The following steps will help you find the cause of your window leaks:
- Inspect the window from the outside: Look for any visible signs of damage, such as cracked or missing caulk or gaps around the frame.
- Check for clogged drainage holes: These are small holes that are located at the bottom of the window frame. Use a needle or small wire to clear any debris that may be blocking the holes.
- Look for faulty flashing: Flashing is a barrier that is installed around the window frame to prevent water from leaking in. If the flashing is not properly sealed or is damaged, it can allow water to leak through.
- Inspect the window from the inside: Look for any visible signs of water damage, such as stains on the walls or ceiling, or peeling paint. If you do not find problems outside the window, you need to check your roof and siding as well.
- Check your roof: Roof leaks can allow water to drip through walls and then pool around windows. Look at the outside of your roof for damaged shingles or gaps that let water in. Pinpointing roof leaks are sometimes easier from the attic.
- Look at the siding: Lastly, check if the water is coming through your siding. Look for cracked or damaged siding panels around or above the leaky window.
If you still cannot find the leak, call a window installation company to inspect the issue. They have the training and experience to identify the cause of window leaks. Plus, they can make repairs to stop water from coming in when it rains.
How To Fix a Leaking Window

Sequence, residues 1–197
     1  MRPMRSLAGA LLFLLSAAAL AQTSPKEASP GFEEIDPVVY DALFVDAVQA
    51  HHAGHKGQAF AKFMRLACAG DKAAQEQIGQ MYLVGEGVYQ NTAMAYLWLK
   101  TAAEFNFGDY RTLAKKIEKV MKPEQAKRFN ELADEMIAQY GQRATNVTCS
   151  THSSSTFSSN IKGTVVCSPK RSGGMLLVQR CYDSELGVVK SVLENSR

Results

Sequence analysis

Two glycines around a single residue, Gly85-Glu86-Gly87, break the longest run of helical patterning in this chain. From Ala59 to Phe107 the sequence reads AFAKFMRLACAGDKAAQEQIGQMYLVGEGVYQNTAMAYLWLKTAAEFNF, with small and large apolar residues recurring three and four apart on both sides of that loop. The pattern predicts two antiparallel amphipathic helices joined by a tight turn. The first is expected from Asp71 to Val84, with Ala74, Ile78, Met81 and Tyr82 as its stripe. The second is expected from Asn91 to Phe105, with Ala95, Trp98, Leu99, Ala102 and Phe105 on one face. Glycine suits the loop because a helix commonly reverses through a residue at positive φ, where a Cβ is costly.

There are several methods you can use to fix leaking windows, depending on the cause of the leak. Here are some potential solutions:
1. Recaulk the Window
One of the easiest fixes is to recaulk the window. Starting on the outside of the window, use a utility knife or caulk removal tool to cut away the damaged caulk. Then reseal the window using exterior grade caulk. Repeat the process on the inside using regular silicon caulk.
2. Replace the Seals
You should replace damaged or cracked seals to stop window leaks. Typically, you can pry out the existing seals. However, the exact process will vary depending on the style and manufacturer of your windows. Contact your manufacturer or a window installer for replacement seals.
3. Repair or Replace the Flashing
If the flashing is the cause of the leak, you may be able to repair it using flashing repair tape. Repair tape can fix minor issues, but you will need to replace severely damaged flashing. However, this usually involves removing the siding around the window or even removing the window altogether. Consider hiring a window contractor for these repairs unless you are experienced in home improvement.
4. Replace the Window
If the window itself is defective or beyond repair, you may need to replace it. Although more costly and involved, replacing the window is the only option if the other methods do not fix the leak. While you can replace a leaky window yourself, it can be an involved process. You may need to hire a window replacement company to properly fix the leak. This is especially true if the leak causes the wood around the frame to rot or if there is structural damage.
5. Make Other Home Repairs
If the window is not the cause of the leak, you may need to make other repairs to your home. This usually includes roofing or siding repairs, but it will depend on the exact cause of the leak.